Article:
[ISSCC] Wireless Technology Helps Make Micro SSD Using 64 NAND Chips
Keio University and its partners announced an inductive-coupling wireless communication technology to realize an SSD composed of three-dimensionally layered 64 NAND flash memory chips at ISSCC 2009.
SSDs developed by using this technology will reduce power consumption of the system to 1/2, the number of loaded LSI packages to 1/8 and the area of communication circuits to 1/40 compared with existing SSDs. The new SSD was realized by multi-layering 64 NAND flash memory chips inside one LSI package and using inductive coupling for wireless communication between the memory chips.
This technology was developed by a research group led by Tadahiro Kuroda, professor of the Department of Electronics and Electrical Engineering at Keio University. The paper on the technology was published jointly with the University of Tokyo.
Keio University and its partners propose a so-called micro SSD composed of a single LSI package. The SSD incorporates 64 NAND flash memory chips inside one package. If the 64 chips are incorporated in an SSD using existing methods, more than 1,500 wires have to be installed inside the package, according to the research group.
By using the new wireless communication method, on the other hand, the number of wires inside the package can be reduced to 200 or less. Data communication between memory chips and the controller can be carried out in the form of inductive-coupling wireless communication. Wires are used for power supply, grounding and control.
Three major modifications were made to layer 64 memory chips. First, a shield was used for relay transmission of information between the chips. Each of the memory chips is equipped with an inductive coupling repeater, and data is communicated via relay transmission between the chips.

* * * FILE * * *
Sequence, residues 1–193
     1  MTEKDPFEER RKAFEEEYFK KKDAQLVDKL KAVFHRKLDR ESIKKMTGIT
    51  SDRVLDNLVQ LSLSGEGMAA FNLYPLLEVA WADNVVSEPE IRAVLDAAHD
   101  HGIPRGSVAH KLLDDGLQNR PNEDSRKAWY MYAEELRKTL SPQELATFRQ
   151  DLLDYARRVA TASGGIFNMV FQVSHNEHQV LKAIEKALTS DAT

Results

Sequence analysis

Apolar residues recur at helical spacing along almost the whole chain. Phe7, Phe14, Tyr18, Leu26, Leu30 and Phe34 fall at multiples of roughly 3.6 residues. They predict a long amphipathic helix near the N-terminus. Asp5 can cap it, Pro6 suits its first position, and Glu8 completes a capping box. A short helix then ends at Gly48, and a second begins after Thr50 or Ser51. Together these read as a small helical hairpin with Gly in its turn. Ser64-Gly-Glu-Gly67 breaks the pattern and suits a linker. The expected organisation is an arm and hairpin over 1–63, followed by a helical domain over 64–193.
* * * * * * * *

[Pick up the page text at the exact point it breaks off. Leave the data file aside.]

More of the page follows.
The relay transmission was made possible by setting a metal pad shield at an appropriate position of each chip, utilizing the phenomenon that magnetic flux is attenuated by shields. And It was confirmed that signals and crosstalk are reduced as expected.
Second, a state machine was developed so that chips can be selected without giving individual numbers to them.
"It is especially important for an SSD, in which identical chips are layered," Kuroda said.
This state machine can be easily developed using existing circuit technologies, he said.
Third, a packet communication method was employed for memory access so as to allow communication using existing memory circuits. The area was reduced by adopting multiplex communication system and sharing control signals and data.
The group prototyped the chips using 180nm-generation CMOS technology. Six chips, each 60μm thick, were stacked in layers. Measurement results indicated that relay transmission was properly conducted and that the state machine could be set wirelessly, according to the group.